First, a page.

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An escalating problem

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Never too old to learn — or be tested

STDs are not just for kids anymore. At least that’s what people aged 45 and older are now learning. It could be because people are living longer or maybe it’s the baby boomers that just refuse to admit to advancing age. In all probability, the biggest culprit is ignorance.

Regardless of the reason, older adults — even those well into their 70s and 80s — are engaging in sex. And, according to a survey by AARP, a non-profit organization for people 50 and older, it’s not just once in a blue moon, particularly for older singles.

Chlamydia, once considered the bane of females 25 and younger, is increasing in people 45 to 64, according to a recent surveillance report by the Centers for Disease Control and Prevention (CDC). Between 2006 and 2010, the rate in that age group escalated more than 33 percent.

And that “little blue pill” is causing its share of problems. Dr. Anupam B. Jena, an internist at Massachusetts General Hospital, examined the rates of STDs in men who use erectile dysfunction (ED) drugs and those who don’t. Jena and his fellow researchers found that all STDs — particularly HIV and chlamydia — are higher in users versus nonusers of ED drugs. The study also found that the rate of STDs was higher in users both before and after the prescription.

In an interview, Jena cautioned that “anyone who does not practice safe sex, no matter their age, can contract an STD.”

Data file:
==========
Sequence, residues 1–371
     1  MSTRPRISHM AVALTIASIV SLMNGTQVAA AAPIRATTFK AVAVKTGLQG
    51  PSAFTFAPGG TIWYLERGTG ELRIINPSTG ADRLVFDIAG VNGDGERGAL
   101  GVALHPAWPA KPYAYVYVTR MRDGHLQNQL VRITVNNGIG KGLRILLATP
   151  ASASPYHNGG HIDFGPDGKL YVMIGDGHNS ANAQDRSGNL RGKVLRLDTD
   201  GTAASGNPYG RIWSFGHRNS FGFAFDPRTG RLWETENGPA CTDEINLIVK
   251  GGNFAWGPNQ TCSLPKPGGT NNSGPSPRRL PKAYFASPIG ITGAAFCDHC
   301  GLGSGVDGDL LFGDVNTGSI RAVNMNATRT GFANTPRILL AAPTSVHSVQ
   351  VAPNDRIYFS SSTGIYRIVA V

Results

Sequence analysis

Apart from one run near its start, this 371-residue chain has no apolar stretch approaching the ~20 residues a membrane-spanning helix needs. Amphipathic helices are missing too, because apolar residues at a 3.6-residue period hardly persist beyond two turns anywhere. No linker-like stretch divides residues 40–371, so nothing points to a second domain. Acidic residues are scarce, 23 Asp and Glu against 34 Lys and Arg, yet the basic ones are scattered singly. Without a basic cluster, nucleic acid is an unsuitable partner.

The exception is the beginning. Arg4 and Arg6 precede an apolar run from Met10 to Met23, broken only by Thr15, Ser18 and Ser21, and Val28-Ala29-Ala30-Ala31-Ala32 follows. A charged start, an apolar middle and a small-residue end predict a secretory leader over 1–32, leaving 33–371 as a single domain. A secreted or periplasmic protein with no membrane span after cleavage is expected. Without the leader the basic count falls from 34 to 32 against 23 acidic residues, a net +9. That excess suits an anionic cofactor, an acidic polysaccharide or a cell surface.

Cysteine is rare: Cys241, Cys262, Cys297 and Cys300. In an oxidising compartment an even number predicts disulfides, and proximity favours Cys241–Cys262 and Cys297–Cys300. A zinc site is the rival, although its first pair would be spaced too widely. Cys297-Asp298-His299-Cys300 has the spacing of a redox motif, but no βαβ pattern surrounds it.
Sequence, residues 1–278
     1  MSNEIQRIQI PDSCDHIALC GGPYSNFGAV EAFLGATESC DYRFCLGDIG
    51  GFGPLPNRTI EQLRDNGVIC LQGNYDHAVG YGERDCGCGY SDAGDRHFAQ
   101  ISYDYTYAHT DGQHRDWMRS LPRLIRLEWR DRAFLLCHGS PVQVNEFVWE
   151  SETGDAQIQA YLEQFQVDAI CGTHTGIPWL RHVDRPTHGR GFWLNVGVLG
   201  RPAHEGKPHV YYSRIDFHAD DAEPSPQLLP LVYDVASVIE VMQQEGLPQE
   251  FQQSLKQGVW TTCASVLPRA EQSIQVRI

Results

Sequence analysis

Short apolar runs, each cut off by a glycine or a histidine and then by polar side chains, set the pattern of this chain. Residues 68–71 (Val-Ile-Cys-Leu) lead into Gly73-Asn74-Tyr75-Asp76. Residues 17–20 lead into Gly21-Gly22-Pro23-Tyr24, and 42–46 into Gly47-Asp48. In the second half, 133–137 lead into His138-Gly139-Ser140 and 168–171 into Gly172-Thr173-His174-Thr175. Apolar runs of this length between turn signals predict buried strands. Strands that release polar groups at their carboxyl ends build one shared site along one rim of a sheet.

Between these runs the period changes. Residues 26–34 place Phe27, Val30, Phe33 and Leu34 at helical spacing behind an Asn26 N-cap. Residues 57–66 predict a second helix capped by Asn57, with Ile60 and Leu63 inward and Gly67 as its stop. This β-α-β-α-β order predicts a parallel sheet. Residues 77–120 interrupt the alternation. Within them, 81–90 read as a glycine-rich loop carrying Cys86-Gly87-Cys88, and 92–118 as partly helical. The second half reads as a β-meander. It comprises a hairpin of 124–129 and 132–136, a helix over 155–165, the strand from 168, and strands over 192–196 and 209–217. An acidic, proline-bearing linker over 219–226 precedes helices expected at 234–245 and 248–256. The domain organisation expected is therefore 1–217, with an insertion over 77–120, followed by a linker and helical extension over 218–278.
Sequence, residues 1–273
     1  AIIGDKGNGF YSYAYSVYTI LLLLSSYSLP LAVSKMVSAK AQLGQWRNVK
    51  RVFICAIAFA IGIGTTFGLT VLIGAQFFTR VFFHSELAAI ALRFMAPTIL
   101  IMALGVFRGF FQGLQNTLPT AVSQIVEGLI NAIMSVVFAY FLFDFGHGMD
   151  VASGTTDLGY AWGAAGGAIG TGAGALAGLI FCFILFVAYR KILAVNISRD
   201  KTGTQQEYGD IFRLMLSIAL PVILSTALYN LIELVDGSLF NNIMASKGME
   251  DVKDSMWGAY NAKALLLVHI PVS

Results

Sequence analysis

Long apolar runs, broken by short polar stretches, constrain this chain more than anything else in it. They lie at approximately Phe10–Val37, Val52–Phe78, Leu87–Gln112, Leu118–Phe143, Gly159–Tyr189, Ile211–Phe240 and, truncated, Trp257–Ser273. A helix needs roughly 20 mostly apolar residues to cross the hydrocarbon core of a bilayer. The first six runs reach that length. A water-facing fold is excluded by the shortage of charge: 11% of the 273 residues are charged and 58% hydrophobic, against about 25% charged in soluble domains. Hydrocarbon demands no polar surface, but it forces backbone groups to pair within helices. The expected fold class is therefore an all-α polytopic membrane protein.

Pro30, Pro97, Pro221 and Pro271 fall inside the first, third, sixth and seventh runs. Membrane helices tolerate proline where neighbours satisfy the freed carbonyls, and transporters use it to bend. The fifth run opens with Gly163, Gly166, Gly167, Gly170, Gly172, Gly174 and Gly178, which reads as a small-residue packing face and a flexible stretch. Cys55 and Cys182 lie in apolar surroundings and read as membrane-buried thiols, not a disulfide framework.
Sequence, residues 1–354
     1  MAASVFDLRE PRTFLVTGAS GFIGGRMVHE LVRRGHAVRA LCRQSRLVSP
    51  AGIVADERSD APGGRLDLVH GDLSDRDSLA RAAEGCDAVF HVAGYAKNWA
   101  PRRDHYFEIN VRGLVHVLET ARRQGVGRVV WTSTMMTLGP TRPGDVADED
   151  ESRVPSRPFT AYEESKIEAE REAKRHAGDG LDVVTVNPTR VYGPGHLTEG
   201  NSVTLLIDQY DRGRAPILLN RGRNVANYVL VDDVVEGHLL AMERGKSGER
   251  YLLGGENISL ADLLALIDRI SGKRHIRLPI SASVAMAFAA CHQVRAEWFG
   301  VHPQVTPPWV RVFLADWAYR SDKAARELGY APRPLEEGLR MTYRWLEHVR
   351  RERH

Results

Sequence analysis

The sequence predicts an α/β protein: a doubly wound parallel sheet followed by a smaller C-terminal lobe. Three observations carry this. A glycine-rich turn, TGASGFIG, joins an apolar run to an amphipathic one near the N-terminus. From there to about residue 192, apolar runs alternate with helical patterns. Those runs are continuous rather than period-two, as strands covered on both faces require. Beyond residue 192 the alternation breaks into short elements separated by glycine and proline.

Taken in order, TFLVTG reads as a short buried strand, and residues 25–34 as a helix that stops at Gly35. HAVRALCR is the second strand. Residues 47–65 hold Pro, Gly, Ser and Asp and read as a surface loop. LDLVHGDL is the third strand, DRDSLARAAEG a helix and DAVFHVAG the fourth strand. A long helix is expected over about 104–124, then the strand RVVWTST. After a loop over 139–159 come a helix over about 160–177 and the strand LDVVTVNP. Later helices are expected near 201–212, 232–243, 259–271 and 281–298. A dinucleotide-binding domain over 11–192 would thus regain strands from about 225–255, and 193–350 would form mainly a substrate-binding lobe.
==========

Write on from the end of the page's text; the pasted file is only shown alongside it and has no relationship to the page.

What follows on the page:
Ronald F. Dixon, M.D.
Associate Medical Director
Massachusetts General Hospital
Beacon Hill
And that’s part of the problem. Older adults associate condoms with protection against pregnancy and that STDs are the purview of the young and inexperienced. But a national divorce rate hovering around 40 percent propels newly designated — and ill prepared — singles into the dating scene. In its study on sex, Indiana University determined that the percentage of condom users drops with age and that only 10 percent of women between the age of 45 and 60 use them as protection.

No state is more familiar with this problem than Florida, where 19 percent of the residents are elderly. Between 2001 and 2010, the number of cases of chlamydia in residents between the ages of 45 and 64 more than doubled.

Dr. Ronald Dixon, medical director at MGH Beacon Hill, sees first hand the increase in STDs among older adults. “They are more active (sexually) than they used to be,” he explained.

The uptick is in the most common infections — chlamydia, gonorrhea and syphilis. About half of the patients infected present with symptoms.

Counseling about STDs is imperative, according to Dixon. “First I find out the relationship status,” he explained. If his patients are single — particularly those who are considering dating — he talks about the use of condoms.

“People who are entering into a new relationship need to be tested,” he emphasized. And that includes both partners. A clean slate is the first step in a monogamous, or single-partner, relationship.

He warns patients who initiate relationships without taking precautions. “If your partner has slept with 10 people, multiply that [your risk] by 10,” he explained. If those 10 have slept with 10 others, the number increases to 100.

The point Dixon is trying to make is that a person may be sexually involved with only one person, but if that person is having sex with others, the risk of exposure to STDs increases significantly.

A primer on STDs

Explaining the positive results of an STD test takes a couple of conversations, Dixon admitted. The first reaction is shock. “You can almost see their mind whirring trying to come to grips with the situation,” he said. “How did I get this?” or “Who gave it to me?” are questions they are asking themselves.

He allows the patient to get over the shock before recommending treatment and advice on future sexual behavior.

It’s not uncommon for STDs to come in pairs or even triplets. “If you have one STD, you’re likely to have others,” he explained. The CDC agrees. There is biological evidence that the presence of other STDs increases the likelihood of both transmitting and acquiring HIV, the virus responsible for AIDS.

That’s why when Dixon tests, he tests for everything — just to be sure.